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"Leah" - A Case Study Part One: by Chavi Hornig, M.S.

Updated: Sep 2, 2019

"Leah" is a second grader in Bnos Sarah. Her family moved to America from Israel at the beginning of the 2008-2009 school year. The family is English speaking, so oral language is not an issue for Leah.


Leah is academically gifted. Although she could not put 'cvc' words together when she arrived, she is already the very best reader in her class, and she reads voraciously. She gets so absorbed in a book that it is difficult to get her attention and pry her away from her book.

Her mother and teachers describe her as being immature.


Leah has difficulty, however, in the area of non-verbal skills. She is impulsive and very fidgety. She touches everything she sees and demands attention NOW, no matter what else is going on. She cannot wait patiently. She constantly blurts out inappropriate comments. Her mother and teachers describe her as being immature. She seeks attention by doing silly things. She is unable to take perspective and put herself in another's place, or imagine how they might be feeling. She is unfamiliar with the concept of respecting another's personal space. She often gets too close to the person to whom she is speaking without realizing it. She has great difficulty following directions and following rules. Her immediate desires take precedence over all else. There is nothing malicious in any of her behavior; she genuinely does not realize that her behavior is inappropriate and she is genuinely contrite when her gaffes are pointed out to her.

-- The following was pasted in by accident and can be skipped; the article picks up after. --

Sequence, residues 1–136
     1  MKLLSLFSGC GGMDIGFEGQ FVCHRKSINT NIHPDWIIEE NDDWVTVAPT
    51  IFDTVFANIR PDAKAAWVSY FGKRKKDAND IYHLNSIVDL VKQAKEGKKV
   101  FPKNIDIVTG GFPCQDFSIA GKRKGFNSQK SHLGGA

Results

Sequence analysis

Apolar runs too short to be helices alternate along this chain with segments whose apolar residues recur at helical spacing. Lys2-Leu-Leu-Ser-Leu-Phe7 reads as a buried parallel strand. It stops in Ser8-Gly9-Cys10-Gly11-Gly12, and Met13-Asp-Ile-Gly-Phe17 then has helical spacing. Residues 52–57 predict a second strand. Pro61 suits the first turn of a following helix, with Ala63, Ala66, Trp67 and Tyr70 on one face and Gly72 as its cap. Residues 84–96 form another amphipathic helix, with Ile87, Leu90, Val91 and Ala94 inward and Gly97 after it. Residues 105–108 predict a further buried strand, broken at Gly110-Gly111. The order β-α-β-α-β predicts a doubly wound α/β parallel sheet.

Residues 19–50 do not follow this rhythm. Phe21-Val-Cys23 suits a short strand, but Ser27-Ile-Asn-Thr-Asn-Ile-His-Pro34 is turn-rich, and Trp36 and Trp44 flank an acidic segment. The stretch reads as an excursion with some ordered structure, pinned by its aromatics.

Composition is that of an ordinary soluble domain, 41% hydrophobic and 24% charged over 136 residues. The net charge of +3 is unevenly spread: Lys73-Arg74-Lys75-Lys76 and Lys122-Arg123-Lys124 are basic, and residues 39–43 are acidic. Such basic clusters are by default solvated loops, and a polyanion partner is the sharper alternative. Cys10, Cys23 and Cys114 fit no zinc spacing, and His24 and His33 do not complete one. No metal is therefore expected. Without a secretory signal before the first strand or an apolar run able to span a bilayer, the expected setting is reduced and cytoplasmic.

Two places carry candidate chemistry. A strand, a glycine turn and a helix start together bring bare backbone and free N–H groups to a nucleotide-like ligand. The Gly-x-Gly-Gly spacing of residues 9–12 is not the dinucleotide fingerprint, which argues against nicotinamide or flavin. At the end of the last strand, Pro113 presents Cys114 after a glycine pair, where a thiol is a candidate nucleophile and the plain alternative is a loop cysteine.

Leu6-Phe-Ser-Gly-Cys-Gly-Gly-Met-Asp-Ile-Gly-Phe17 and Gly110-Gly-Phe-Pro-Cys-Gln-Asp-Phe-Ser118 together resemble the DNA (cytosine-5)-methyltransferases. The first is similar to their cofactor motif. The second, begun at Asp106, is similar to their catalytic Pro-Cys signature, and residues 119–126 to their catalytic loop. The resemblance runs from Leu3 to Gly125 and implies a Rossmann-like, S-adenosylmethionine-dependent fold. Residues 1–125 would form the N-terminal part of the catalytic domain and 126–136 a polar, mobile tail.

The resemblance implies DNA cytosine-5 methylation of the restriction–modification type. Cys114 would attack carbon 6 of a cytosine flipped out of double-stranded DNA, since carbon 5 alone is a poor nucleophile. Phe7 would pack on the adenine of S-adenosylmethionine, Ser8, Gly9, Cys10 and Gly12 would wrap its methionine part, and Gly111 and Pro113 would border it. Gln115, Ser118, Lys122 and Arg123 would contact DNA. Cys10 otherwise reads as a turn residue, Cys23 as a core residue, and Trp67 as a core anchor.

Leah is having difficulty making friends. She feels that her classmates don't like her, but she has no idea why. She spends every recess reading books.


Leah lacks a sense of proper personal hygiene. Her nose is frequently running, and she seems oblivious to it.


I met with Leah for half an hour in early March, after having spoken to her mother at length. I wanted to get to know her a little, and to get a feel for the issues I'd be dealing with.


At the beginning, when I asked her if she has friends, she told me she does, but she quickly became more comfortable with me. She showed me some of the silly things she does, discussed very openly her problem behaviors, and when I asked her which thing we should work on first, she told me "friends."


At our first full session, we discussed the traffic light, as well as red and green behaviors, and yellow feelings. I focused very much on yellow, which can lead us to do red if we're not careful. I told her that not only children have to be careful about yellow feelings which could make them do reds, but adults, too, have to be careful.

This activity forced her to put herself in someone else's shoes and to understand how another person would feel in a given situation.


I presented a scenario in which a mother has spent the entire day cleaning her house and is tired, and then the children come home from school and pull out all of the toys and make a mess. I asked her, "How do you think the mother is feeling?" Leah was able to tell me the mother is sad and upset. "What red behavior might the mother do if she's not careful?" Yell at the kids. "But are kids really allowed to play with toys? Of course they are! So what green behavior could the mother do instead?" Leah had all the correct answers. She was very good at identifying the red behaviors and coming up with a variety of green solutions that could be done instead. I praised her for her creative solutions, even though we hadn't even talked about solutions yet.


Then we did some role playing of different scenarios, and acted out red and green behaviors for each scenario. I also did a role reversal with her. I told her that she would be her mother and I was going to be Leah. She instinctively wanted to protest, thought better of it almost immediately, and cooperated with the activity. This activity forced her to put herself in someone else's shoes and to understand how another person would feel in a given situation. I could see the light dawning as we did this activity.

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